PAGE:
immediately be hauled before the call D

and giving twenty lashes for his cheek

exam yeah this is how it's always

developing that they think that that is

that's the correct procedure

but do you think there's any hope I mean

what would be your advice if you were

confronted by say keen intelligent

eighteen-year-olds Muslim in England who

wanted to study the Deen what would be

your answer

well this happens to me a lot is that I

really people come to me because and

really my education I think you know you

would certainly admit this as well is

that really you know our education have

been extremely limited but because we've

had some you know background in an age

where many people have had none or even

less that it might appear impressive to

some people but I feel very impoverished

in terms of my own Islamic education one

of the things about hatch says is about

knowledge --is that not only do you have

to have a sound teacher but you you have

to have a long life to is it's almost

one of the prerequisites for acquiring

the knowledge of this teaching because

it's so vast but people do come to me

and and say I really want to study it's

not what should I do for us I think when

we became Muslim because we can we became Muslim similar you became listen what year 79 said okay I became Muslim 77 and and I think we hit the you know just the beginning of this you know the Iranian Revolution was just happening in


there was a just a lot of changes

transformations in the Muslim world it

was very easy to live in many Muslim

countries as a Muslim there was no

threat about going to the Masjid having

a beard was not problematic studying

these type things unfortunately because

of the politicized

atmosphere that exists now in the Muslim

Ummah and really what's happening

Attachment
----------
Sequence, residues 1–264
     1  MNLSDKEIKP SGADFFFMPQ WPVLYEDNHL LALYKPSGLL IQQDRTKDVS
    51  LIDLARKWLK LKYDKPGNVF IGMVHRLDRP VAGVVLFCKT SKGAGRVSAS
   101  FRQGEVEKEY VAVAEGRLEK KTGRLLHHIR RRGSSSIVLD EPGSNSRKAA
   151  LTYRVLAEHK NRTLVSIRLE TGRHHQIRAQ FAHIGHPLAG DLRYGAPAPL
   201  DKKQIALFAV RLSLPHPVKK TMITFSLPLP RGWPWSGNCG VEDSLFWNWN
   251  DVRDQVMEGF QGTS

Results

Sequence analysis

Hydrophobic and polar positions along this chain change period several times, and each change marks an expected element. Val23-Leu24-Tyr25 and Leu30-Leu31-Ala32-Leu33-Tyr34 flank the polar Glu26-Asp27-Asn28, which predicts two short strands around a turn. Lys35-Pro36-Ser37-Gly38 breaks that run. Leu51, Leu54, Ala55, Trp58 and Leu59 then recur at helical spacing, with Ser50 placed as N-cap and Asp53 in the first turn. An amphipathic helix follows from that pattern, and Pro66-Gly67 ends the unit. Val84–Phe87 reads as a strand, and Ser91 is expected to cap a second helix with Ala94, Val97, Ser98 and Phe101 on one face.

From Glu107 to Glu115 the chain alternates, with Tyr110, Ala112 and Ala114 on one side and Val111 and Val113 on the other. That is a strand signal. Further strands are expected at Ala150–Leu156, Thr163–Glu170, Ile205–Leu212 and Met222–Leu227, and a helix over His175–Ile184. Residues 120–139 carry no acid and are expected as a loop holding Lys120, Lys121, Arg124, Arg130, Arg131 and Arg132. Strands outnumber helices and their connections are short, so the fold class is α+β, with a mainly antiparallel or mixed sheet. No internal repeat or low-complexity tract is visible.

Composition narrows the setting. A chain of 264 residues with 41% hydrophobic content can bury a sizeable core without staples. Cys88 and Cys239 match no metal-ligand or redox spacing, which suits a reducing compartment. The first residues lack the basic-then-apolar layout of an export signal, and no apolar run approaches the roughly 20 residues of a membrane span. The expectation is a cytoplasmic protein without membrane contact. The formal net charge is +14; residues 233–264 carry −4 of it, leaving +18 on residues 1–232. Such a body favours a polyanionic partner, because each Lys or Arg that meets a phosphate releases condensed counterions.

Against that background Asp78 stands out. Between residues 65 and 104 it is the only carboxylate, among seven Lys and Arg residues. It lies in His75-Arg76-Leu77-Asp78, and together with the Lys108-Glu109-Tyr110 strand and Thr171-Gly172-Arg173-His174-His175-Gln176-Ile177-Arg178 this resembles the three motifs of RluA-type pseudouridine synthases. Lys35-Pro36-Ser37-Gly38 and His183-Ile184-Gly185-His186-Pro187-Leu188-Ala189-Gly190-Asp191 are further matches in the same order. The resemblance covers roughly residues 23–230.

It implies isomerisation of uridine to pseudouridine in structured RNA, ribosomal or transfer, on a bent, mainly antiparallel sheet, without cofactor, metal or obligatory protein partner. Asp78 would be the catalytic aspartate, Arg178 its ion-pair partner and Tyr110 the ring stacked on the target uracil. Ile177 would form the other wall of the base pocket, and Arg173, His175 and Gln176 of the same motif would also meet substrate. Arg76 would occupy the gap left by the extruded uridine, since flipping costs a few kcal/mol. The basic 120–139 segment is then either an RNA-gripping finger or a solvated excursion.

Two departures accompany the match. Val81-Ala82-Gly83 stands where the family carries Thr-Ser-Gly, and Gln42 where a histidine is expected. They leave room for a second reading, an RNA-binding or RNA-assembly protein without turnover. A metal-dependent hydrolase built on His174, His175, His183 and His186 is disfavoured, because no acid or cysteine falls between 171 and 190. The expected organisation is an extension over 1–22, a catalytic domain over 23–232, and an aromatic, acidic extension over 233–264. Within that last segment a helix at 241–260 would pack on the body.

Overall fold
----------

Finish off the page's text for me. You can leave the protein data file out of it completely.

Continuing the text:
there's kind of like the 60s in America

during the Vietnam War where

universities ended up being kind of a

war zones ideological war zones and this

is what's happening in the Muslim world

and unfortunately unlike America where

you have although it's you know it's

it's certainly got its own internal

structures that are rather totalitarian

but nonetheless you know Kent State is

one of the few examples where somebody

was actually shot whereas in the Muslim

world we're dealing with some very

ruthless tyrants and dictators and

secret polices and these type of things

that deal with people with impunity and

really are too concerned about what the

what the public opinion might be about

how they deal with dissidents and these

type of things and the other thing it's

unfortunate that I think that students

become dissidents because I think

although it's absolutely important to

have our own moral and ethical

perspectives and understandings for a

student who set out on the path of

knowledge they have to commit a good

amount of time to that and the

abstractions of the world which have

always existed you know we can become we

can become

Cara in in the world I mean you know the

the Muslims have been for over a hundred

years now in massive turmoil political

turmoil and it's very easy to get caught

up in these things as youth but if

somebody's actually committed to

learning something to be beneficial to

the you know to the OMA this is what

we're talking about so unfortunate I

think in the Muslim world right now in

most of the countries it's a very cool

Desai's atmosphere I think there are

still some shifts like you mentioned

that one of the frightening things that

they are getting old when I was in

Mauritania 10 years ago studying I was

in a town there called ghetto which is

well known a traditional town of

dominant tribe there's called tisha

canít and the very scholastic and

spiritual tribe when I was there there

was about 11 or 12 brilliant AHA Matic

yellow man that had mattresses when I

went back I think nine had died and you

could see the results of their deaths in

the village which was one of the most

impressive places I've ever been to

going back there last year I was really

shocked to see the disintegration that

had taken place in just such a short

time young people listening to Michael

Jackson and I mean all of this madness

going into a place that had really been

preserved so you know I'm taking a long

time to get to this but I really think